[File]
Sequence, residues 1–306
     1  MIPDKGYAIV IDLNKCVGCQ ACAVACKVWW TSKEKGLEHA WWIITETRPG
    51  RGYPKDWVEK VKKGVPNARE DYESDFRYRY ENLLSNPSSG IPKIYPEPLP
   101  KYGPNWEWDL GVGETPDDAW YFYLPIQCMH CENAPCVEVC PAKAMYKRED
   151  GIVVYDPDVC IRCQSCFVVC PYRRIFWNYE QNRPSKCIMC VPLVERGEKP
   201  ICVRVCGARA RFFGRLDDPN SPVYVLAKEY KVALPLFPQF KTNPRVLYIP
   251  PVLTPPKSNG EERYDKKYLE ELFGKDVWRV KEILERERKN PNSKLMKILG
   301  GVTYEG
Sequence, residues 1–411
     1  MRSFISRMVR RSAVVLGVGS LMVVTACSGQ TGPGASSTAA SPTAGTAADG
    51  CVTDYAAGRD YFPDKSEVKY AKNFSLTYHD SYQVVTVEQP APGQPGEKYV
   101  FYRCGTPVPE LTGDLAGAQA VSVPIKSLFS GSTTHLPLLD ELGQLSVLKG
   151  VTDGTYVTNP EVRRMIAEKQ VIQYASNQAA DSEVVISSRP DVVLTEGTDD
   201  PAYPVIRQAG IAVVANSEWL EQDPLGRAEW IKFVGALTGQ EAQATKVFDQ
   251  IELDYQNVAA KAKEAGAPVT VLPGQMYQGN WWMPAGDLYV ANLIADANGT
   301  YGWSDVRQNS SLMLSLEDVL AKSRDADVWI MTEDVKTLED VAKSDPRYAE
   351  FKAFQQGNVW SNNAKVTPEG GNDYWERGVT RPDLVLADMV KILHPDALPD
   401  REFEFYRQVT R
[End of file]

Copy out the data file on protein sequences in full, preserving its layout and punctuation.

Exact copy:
Sequence, residues 1–306
     1  MIPDKGYAIV IDLNKCVGCQ ACAVACKVWW TSKEKGLEHA WWIITETRPG
    51  RGYPKDWVEK VKKGVPNARE DYESDFRYRY ENLLSNPSSG IPKIYPEPLP
   101  KYGPNWEWDL GVGETPDDAW YFYLPIQCMH CENAPCVEVC PAKAMYKRED
   151  GIVVYDPDVC IRCQSCFVVC PYRRIFWNYE QNRPSKCIMC VPLVERGEKP
   201  ICVRVCGARA RFFGRLDDPN SPVYVLAKEY KVALPLFPQF KTNPRVLYIP
   251  PVLTPPKSNG EERYDKKYLE ELFGKDVWRV KEILERERKN PNSKLMKILG
   301  GVTYEG
Sequence, residues 1–411
     1  MRSFISRMVR RSAVVLGVGS LMVVTACSGQ TGPGASSTAA SPTAGTAADG
    51  CVTDYAAGRD YFPDKSEVKY AKNFSLTYHD SYQVVTVEQP APGQPGEKYV
   101  FYRCGTPVPE LTGDLAGAQA VSVPIKSLFS GSTTHLPLLD ELGQLSVLKG
   151  VTDGTYVTNP EVRRMIAEKQ VIQYASNQAA DSEVVISSRP DVVLTEGTDD
   201  PAYPVIRQAG IAVVANSEWL EQDPLGRAEW IKFVGALTGQ EAQATKVFDQ
   251  IELDYQNVAA KAKEAGAPVT VLPGQMYQGN WWMPAGDLYV ANLIADANGT
   301  YGWSDVRQNS SLMLSLEDVL AKSRDADVWI MTEDVKTLED VAKSDPRYAE
   351  FKAFQQGNVW SNNAKVTPEG GNDYWERGVT RPDLVLADMV KILHPDALPD
   401  REFEFYRQVT R